Hurricanes are massive storm systems that form over warm ocean waters and move toward land. Potential threats from hurricanes include powerful winds, heavy rainfall, storm surges, coastal and inland flooding, rip currents, tornadoes, and landslides. The Atlantic hurricane season runs from June 1 to November 30. Hurricanes:
- Can happen along any U.S. coast or in any territory in the Atlantic or Pacific oceans.
- Can affect areas more than 100 miles inland.
- Are most active in September.
A hurricane can cause widespread devastation during and after it occurs, so planning and preparing can make a big difference in safety and resiliency in the wake of a hurricane. The ability to quickly recover
following a hurricane requires a focus on preparedness, advance planning, and knowing what to do. While no one can predict when an emergency will occur, there are steps everyone should take to be prepared.
The Middlesex County Office of Health Services encourages everyone to:
•Have an emergency kit
•Make an emergency plan
Have an emergency kit.
Everyone should be prepared to have enough supplies for several days. Emergency kits should include the basics for survival including non-perishable food, water, at least a week’s worth of medication (both over-the-counter and prescription, if possible), flashlight, transistor radio, batteries, phone chargers, baby supplies and other special medical needs.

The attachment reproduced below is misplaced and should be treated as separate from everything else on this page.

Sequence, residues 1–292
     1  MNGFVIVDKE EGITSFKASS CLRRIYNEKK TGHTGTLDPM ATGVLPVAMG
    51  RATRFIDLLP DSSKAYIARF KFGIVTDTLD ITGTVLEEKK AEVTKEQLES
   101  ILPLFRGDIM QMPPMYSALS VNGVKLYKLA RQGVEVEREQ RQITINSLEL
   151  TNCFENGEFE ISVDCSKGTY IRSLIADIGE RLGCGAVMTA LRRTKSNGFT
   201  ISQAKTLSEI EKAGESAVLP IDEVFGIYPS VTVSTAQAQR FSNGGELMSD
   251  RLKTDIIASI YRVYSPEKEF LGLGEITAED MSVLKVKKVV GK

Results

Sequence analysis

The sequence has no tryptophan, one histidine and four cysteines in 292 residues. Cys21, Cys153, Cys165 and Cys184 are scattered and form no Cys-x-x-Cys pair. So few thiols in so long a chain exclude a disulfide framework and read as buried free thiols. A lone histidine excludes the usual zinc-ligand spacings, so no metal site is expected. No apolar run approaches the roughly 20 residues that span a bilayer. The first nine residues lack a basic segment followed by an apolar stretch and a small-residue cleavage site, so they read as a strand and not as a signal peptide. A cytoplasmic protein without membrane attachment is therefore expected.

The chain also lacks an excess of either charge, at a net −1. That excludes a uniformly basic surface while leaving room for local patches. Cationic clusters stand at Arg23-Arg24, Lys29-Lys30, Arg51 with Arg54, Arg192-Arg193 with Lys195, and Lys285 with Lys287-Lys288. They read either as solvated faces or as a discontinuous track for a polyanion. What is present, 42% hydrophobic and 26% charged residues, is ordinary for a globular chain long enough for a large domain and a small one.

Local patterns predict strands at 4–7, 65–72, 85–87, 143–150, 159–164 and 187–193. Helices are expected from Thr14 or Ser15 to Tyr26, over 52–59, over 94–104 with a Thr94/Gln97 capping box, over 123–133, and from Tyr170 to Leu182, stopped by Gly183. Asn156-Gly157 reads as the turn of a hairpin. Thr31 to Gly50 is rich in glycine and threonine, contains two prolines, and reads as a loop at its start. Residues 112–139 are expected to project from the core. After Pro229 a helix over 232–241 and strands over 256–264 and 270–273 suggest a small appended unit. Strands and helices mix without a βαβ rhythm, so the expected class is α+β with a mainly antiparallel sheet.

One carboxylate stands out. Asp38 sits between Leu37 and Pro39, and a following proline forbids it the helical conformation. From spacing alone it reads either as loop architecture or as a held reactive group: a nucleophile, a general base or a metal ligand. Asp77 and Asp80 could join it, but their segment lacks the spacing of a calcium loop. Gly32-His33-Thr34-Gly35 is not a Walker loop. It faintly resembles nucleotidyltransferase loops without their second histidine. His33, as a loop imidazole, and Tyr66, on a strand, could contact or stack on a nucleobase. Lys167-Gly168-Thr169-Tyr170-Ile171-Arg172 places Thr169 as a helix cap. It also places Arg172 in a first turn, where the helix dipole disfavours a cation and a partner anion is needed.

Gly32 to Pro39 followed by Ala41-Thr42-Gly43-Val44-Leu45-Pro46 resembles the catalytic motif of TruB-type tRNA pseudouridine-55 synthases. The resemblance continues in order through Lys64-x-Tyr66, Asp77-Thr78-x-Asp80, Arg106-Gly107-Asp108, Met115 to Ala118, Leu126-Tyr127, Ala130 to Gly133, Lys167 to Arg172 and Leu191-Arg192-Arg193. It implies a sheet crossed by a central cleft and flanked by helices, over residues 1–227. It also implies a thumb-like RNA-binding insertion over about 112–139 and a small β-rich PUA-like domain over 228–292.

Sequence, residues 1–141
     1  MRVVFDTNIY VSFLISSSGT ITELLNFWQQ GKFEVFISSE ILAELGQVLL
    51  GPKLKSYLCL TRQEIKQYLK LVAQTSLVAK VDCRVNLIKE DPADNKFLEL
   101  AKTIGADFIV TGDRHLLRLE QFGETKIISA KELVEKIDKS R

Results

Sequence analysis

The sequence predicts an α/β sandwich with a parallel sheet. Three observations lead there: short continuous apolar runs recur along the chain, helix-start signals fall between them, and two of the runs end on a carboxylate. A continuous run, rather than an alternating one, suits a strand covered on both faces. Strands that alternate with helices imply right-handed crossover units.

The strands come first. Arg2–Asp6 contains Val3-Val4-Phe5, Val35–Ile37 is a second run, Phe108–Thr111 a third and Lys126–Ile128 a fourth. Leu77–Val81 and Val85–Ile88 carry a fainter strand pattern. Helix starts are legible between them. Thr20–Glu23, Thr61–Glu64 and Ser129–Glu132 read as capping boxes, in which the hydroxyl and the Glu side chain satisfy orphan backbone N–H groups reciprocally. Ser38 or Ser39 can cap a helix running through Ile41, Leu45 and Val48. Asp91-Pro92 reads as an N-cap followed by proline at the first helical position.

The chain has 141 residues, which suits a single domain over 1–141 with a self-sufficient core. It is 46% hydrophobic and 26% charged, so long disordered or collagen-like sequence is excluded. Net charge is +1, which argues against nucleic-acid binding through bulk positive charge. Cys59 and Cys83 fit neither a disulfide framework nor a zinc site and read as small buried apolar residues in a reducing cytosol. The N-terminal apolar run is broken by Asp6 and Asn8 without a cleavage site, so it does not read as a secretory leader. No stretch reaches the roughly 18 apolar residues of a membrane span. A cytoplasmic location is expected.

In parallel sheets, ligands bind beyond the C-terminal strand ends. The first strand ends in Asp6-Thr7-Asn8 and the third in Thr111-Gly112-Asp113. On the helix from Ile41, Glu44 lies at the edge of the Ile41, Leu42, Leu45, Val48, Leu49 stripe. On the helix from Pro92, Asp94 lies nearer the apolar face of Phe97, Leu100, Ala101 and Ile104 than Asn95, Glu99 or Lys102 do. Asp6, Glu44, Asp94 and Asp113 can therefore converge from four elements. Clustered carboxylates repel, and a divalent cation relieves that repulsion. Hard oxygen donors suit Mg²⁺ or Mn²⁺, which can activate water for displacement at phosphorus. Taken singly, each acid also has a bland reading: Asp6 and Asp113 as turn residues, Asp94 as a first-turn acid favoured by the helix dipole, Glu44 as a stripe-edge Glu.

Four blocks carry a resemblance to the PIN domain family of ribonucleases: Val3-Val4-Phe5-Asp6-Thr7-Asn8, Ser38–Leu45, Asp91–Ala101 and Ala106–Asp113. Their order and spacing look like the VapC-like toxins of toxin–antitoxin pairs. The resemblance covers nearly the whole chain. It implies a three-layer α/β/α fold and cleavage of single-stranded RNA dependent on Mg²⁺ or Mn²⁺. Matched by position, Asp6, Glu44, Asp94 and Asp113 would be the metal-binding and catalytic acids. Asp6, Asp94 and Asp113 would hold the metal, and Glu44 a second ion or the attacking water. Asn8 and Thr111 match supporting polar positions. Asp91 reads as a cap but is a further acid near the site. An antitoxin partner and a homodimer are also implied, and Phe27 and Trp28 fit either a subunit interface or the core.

Make an emergency plan.
Families should have an emergency plan that includes the entire family and friends in case family members are separated when an emergency occurs. Plans should identify how to contact each other, where everyone will meet and what to do in various situations. An emergency plan should also include a comprehensive contact list that includes school and health care information as well as family information. Make sure this list is updated often as cell phone numbers may change.
Being prepared means staying informed. Use reliable sources for information, including the local or state health department or emergency management websites. Local newspapers, radio and television stations are also good sources for information during an emergency.
Get involved. Consider taking a first aid or emergency response course. Help make your community stronger by joining your local Medical Reserve Corps, which coordinates volunteer activities.
NationalWeather Service Forecast Office Philadelphia/Mt Holly
New Jersey Office of Emergency Management
New Jersey Department of Health - Emergency Preparedness
Centers for Disease Control and Prevention - Hurricanes and Tropical Storms
Centers for Disease Control and Prevention - Flooding
Ready.gov - Hurricanes
Ready.gov - Flooding
Middlesex County Medical Reserve Corps
New Jersey Department of Human Services - Coping With Disasters
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